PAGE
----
Oak savanna will be restored on 25 acres of Prophetstown State Park, thanks to a $20,000 grant presented by the Duke Energy Foundation to the Indiana Natural Resources Foundation (INRF) on site today.
“We appreciate the generosity of the Duke Energy Foundation,” said Jody Kress, executive director of the INRF. “It’s great working with partners who are committed to conservation efforts throughout Indiana.”
The grant, which will be executed by the DNR, will be used to purchase an estimated 225 trees, plant and maintain them. While the INRF accepted the grant, the DNR will do the work it funds, with help from volunteers from Duke Energy.
“This grant will help us continue to restore the oak savanna habitat, just as we have been restoring the prairie and wetland habitats found at the park,” said Jason Getz, Prophetstown property manager. “With a grant like this, we are now able to put a large amount of native oak-hickory trees in the ground to enhance wildlife habitat, replace non-native species, and create shady, open woodlands.”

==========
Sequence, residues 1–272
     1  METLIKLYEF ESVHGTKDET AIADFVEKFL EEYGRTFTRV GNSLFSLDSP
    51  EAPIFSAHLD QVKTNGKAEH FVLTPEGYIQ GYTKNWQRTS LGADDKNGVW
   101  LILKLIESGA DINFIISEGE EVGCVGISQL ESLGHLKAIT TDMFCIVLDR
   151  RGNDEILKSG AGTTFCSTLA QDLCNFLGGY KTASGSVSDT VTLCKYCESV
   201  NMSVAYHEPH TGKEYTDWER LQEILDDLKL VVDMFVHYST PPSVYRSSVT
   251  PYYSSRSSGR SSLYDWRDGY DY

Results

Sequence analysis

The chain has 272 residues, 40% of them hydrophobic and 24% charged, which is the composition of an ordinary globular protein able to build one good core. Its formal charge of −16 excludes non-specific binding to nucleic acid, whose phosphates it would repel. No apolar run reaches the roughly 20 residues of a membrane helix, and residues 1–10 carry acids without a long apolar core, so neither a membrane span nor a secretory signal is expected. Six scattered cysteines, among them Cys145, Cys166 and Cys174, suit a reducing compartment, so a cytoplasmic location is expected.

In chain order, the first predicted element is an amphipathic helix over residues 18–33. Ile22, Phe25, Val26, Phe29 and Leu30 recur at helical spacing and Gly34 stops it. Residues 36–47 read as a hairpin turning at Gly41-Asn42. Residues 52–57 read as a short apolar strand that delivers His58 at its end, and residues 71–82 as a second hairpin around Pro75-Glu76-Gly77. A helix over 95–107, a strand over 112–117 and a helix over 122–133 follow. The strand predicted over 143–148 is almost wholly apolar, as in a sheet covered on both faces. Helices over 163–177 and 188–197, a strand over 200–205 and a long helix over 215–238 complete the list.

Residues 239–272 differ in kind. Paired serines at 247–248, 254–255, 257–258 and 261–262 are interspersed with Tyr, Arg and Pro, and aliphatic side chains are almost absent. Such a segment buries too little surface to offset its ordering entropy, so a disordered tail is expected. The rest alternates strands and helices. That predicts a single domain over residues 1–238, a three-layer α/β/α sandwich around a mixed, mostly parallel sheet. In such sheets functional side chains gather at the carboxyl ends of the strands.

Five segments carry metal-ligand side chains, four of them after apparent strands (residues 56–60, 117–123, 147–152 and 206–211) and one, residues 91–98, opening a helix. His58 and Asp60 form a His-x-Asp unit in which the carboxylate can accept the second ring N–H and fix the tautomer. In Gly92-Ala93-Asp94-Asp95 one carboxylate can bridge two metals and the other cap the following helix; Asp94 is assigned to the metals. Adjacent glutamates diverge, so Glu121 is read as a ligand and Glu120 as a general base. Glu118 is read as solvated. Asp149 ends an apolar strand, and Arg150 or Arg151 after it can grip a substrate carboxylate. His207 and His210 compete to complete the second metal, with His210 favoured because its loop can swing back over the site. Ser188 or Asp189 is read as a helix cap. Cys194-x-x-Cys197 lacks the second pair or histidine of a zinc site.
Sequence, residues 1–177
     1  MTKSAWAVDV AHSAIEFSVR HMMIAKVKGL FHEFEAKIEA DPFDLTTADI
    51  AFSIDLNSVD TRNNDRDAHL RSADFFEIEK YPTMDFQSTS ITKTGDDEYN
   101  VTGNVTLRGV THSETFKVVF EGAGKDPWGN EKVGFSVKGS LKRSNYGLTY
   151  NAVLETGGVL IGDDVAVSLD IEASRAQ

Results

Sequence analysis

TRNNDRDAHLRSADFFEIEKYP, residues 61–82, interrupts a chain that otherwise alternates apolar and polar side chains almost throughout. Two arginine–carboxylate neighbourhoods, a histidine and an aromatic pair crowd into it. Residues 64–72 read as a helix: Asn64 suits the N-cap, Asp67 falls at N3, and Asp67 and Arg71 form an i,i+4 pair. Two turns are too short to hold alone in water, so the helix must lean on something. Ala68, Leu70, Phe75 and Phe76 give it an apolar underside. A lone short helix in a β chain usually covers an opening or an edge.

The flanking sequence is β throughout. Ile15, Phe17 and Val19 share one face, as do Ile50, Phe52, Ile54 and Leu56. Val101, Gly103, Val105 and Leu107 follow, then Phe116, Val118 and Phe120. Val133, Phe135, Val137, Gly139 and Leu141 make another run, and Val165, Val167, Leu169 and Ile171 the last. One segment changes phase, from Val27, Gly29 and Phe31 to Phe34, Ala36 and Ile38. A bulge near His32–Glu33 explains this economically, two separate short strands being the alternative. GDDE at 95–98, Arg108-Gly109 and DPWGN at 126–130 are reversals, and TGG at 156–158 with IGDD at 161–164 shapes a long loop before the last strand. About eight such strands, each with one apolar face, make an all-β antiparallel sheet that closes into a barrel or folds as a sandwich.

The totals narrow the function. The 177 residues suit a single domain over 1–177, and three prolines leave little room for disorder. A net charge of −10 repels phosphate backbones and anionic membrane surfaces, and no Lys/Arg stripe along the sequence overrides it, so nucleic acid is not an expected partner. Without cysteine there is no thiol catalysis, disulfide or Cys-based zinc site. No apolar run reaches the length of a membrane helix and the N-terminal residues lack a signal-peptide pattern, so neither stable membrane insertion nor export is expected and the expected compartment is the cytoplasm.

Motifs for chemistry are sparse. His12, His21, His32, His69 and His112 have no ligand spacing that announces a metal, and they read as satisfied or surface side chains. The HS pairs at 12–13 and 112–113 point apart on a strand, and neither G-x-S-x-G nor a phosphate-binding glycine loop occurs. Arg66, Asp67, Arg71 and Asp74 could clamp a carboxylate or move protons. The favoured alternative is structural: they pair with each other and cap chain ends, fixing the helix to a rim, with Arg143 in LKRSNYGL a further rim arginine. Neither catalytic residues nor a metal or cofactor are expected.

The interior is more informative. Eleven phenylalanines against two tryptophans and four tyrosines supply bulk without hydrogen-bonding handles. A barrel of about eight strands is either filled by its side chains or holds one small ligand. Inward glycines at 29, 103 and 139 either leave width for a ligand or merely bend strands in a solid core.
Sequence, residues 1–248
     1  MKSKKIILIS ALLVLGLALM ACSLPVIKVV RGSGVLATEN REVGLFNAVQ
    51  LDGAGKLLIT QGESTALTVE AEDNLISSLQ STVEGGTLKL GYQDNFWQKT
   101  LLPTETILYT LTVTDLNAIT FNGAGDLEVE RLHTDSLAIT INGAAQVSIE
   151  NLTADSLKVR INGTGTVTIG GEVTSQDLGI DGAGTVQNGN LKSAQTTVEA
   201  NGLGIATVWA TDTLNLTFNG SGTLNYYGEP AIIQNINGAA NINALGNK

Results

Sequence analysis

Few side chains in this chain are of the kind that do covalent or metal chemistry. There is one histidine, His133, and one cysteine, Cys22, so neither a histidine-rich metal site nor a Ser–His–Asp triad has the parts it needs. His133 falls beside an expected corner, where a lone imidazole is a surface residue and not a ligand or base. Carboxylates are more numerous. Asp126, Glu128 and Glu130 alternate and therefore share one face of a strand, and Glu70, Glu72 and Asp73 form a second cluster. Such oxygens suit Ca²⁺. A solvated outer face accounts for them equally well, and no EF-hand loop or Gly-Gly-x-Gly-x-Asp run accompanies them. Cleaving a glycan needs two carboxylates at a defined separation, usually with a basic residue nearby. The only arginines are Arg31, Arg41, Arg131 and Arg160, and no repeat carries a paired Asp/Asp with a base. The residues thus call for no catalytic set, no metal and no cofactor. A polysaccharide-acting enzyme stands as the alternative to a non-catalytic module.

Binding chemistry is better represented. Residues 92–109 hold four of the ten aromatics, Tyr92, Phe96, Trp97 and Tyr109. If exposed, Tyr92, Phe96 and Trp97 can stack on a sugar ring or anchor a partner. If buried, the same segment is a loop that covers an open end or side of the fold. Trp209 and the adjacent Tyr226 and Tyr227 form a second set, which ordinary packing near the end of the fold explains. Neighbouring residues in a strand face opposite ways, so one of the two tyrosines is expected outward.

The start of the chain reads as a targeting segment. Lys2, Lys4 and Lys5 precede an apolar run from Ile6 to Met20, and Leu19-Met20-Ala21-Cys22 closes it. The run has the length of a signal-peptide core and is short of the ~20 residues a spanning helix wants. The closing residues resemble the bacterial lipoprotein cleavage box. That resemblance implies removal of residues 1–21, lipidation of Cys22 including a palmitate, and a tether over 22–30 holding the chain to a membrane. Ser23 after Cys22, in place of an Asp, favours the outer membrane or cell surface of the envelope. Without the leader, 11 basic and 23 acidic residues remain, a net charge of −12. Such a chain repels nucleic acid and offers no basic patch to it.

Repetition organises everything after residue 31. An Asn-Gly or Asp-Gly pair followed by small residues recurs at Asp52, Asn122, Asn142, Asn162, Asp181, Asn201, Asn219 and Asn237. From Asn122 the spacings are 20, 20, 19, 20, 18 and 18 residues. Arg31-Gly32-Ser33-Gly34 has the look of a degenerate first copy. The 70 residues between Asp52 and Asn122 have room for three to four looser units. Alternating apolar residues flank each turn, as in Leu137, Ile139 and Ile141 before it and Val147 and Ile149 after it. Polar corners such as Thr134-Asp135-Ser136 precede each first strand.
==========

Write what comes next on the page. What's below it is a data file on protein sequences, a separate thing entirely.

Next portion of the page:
Savannas, also called open oak woodlands, occur along the contact point between forest and prairie. Savannas combine parts of both forest and prairie ecosystems, including scattered oak trees and a ground cover of grasses and flowers. Historically, oak savannas and tallgrass prairies extended into northwestern Indiana. The Native American people who lived along the Tippecanoe and Wabash rivers relied upon these habitats for their daily lives.
A volunteer day during which Duke Energy employees will join Prophetstown staff to help with the restoration is in the works.
Prophetstown State Park (on.IN.gov/prophetstownsp) is at 5545 Swisher Road, West Lafayette, IN 47906.